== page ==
The data transfer is governed by a process with clearly defined roles and responsibilities. It’s this process that makes the difference. The technology used is standard windows technology, no rocket science!

First of all we have to define an new  role Data Exchange Manager (DXMgr). Only DXMgrs are authorized to copy data from the Miami Beach Core Data Exchange Service to the Frankfurt CDXS. The DXMgrs must never have access to the data as a Data Manager (DMgr) and a DXMgr must never initiate a request for data from the CDSN.

Data Exchange Workflow

Data Exchange Workflow

(1) The DXMgr takes the request for data from an authorized employee (Requester), checks whether the request is valid and (2) forwards the request to an employee with role Data Manager (DMgr).

(3) The DMgr validates the request, connects to the Atlanta Application Services, creates the requested data and copies them to the Requesters write-only inbox on the CDXS at Miami Beach. During this process the data is encrypted with the key of the Requester.

(4) Back in the company network the DMgr sends a notification to the DXMgr. The DXMgr connects to the Frankfurt CDXS, copies the data from the Miami Beach CDXS to the write-only inbox of the requester on the Frankfurt CDXS and deletes the data from Miami Beach.

(5) Finally, the DXMgr notifies the requester to check and empty his inbox on the Frankfurt CDXS.

Sound’s easy, doesn’t it?

This home-made solution, based on standard Windows features like shares, mapped network drives and finegrain acl, is somewhat complex to set up and to maintain. I would recommend to use a secure and user-friendly ad hoc file transfer solution which is easier to manage.

How to secure business critical data? – U.S. Customs and Border Protection shows the direction!

26 June 2014

Reflections, Boston 2013

Reflections, Boston 2013

Last year we spent our vacation at the U.S. East coast. We started in Boston and headed north to Acadia National Park, a really wonderful place for German tourists.

Vacation in the U.S. is for Europeans a somewhat strange experience. You have to take some hurdles before you finally arrive at your destination.

First of all your eligibility to travel in the U.S. is determined. All Visa Waiver Program travelers have to get a travel authorization via ESTA (Electronic System for Travel Authorization). If ESTA rejects your application you have to apply for a VISA. It would not have been possible to step on-board the plane in Düsseldorf without a valid travel authorization.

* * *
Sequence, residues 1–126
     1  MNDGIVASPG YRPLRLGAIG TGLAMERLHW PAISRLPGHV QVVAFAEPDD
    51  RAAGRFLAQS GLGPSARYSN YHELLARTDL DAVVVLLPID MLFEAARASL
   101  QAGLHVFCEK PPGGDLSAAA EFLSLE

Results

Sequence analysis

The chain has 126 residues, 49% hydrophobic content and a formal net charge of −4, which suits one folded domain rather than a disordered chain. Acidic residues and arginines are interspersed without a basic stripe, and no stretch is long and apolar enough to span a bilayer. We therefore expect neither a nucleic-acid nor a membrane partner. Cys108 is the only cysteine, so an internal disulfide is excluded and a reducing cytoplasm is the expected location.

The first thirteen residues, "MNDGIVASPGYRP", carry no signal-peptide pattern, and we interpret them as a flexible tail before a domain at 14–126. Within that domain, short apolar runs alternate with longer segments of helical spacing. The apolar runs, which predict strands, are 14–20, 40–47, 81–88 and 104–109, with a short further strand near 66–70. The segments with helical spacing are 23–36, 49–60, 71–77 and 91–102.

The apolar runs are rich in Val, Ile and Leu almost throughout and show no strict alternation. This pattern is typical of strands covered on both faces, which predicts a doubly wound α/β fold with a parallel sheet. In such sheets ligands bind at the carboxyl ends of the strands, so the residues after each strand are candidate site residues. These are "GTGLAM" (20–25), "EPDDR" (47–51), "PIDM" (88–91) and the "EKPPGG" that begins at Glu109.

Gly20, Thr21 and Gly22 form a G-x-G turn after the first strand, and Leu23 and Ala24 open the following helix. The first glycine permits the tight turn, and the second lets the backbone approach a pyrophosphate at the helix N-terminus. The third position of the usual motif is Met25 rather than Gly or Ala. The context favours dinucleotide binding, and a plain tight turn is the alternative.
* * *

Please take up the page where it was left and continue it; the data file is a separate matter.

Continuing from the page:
But authorization via ESTA is not the final permission to enter the United States. In our case the U.S. Customs and Border Protection officers in Atlanta determined the admissibility during the intermediate stop.

This is an easy to adapt security concept for business critical data:

[1] Isolate your business critical data from the company network into a Core Data Services Network (CDSN). Figuratively speaking the CDSN is the United States.

[2] Boston is a data service, Atlanta an application or terminal service inside the CDSN. Access to the data in Boston is possible only via the applications provided by Atlanta. The way back to the company network is blocked! Export regulations are fully enforced!

Core Data Services Network Overview

Core Data Services Network Overview

[3] Düsseldorf is the gateway to the CDSN. Access to Atlanta is only possible via Düsseldorf!

[4] An employee must login to Düsseldorf first and open a remote session to Atlanta. On Atlanta he has to be authorized for the applications to access the data in Boston. At least for login to Atlanta a Two Factor Authorization should be in place to prevent eBay like attacks.

Many thanks to the U.S. Department of Homeland Security for this really easy to adapt security concept.

Sometimes you have to export data from the CDSN into the company network. U.S. Customs is involved through export regulations, but this is another story…